Remember your mother warning you against reading in poor light or holding your textbook too close to your eyes? It turns out that she could be giving a well-founded advice on how to protect your eyesight.
The prevalent belief is that nearsightedness or myopia is hereditary, but a recent study suggests that the condition could be more associated with how long you stayed in school.
Researchers from the University Medical Center in Mainz, Germany, found that myopia becomes more prevalent as the educational level of the subjects increases, Indian news website Zee News reports.
The study, which was published in the journal of the American Academy of Ophthalmology, found that nearsightedness affected 24 percent of their German subjects with no high school education or other training, 35 percent of those with high school or vocational school diplomas, and 53 percent of those who were university graduates.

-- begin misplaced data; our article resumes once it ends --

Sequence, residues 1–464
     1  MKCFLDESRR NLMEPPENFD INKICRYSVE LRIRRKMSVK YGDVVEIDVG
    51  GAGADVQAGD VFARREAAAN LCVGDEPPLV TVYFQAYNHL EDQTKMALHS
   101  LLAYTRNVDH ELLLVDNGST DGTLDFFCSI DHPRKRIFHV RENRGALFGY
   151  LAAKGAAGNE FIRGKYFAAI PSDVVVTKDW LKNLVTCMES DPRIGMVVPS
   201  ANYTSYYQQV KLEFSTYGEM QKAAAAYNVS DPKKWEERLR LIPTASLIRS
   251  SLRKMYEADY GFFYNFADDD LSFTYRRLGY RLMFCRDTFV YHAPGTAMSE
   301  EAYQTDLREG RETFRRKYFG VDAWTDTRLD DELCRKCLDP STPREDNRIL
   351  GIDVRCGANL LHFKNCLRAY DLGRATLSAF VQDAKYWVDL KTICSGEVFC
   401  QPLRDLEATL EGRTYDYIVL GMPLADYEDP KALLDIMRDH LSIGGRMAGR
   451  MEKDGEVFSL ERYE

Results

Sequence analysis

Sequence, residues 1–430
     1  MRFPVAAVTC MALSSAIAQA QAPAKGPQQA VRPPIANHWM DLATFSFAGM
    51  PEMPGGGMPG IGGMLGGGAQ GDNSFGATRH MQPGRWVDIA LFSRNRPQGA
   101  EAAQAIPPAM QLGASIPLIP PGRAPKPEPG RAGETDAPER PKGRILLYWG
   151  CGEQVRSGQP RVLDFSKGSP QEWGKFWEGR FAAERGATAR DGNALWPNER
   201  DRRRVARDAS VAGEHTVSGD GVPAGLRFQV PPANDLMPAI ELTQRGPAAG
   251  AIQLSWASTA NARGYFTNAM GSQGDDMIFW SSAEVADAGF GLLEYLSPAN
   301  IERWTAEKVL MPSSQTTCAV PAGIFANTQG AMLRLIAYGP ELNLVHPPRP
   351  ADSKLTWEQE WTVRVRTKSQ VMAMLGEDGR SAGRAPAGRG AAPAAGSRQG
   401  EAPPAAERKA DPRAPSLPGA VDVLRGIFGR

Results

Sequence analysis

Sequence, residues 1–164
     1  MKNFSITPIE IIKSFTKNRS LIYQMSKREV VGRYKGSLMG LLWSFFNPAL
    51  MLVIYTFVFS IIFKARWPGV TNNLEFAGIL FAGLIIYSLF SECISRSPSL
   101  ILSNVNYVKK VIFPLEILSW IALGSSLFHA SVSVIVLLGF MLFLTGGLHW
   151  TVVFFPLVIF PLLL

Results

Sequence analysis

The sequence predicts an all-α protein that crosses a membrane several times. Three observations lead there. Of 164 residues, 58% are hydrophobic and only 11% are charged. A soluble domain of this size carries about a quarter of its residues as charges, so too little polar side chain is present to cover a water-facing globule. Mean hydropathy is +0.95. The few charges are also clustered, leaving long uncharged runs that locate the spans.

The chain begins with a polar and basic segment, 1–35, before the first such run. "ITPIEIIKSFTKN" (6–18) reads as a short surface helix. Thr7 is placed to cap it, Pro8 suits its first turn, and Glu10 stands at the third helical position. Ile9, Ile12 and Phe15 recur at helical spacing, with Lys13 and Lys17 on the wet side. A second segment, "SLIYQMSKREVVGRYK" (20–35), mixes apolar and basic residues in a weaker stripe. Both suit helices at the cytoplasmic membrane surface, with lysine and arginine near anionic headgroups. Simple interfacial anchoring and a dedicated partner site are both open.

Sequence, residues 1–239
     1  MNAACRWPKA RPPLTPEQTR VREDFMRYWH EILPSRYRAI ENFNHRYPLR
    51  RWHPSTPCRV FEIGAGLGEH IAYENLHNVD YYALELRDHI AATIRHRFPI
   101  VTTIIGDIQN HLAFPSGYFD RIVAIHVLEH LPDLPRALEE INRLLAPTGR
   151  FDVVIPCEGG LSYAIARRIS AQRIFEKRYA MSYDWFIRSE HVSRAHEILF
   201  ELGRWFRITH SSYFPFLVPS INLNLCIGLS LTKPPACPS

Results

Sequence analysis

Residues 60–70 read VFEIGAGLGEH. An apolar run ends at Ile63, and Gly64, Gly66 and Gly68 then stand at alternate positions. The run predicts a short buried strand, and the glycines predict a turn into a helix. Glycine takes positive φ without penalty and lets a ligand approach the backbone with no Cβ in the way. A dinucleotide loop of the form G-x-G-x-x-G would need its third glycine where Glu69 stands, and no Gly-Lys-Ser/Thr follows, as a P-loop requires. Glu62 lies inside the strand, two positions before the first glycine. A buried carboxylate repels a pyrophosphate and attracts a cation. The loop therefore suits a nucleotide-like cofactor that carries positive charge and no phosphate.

The researchers also found that people who spent more years in school proved to be more myopic, with the condition worsening for every year of schooling.
Also, by studying the impact of 45 genetic markers, they concluded that genetics has less impact than environmental factors on the development of myopia.
Their suggestion: Students should give their eyes more rest, and spend more time outdoors.
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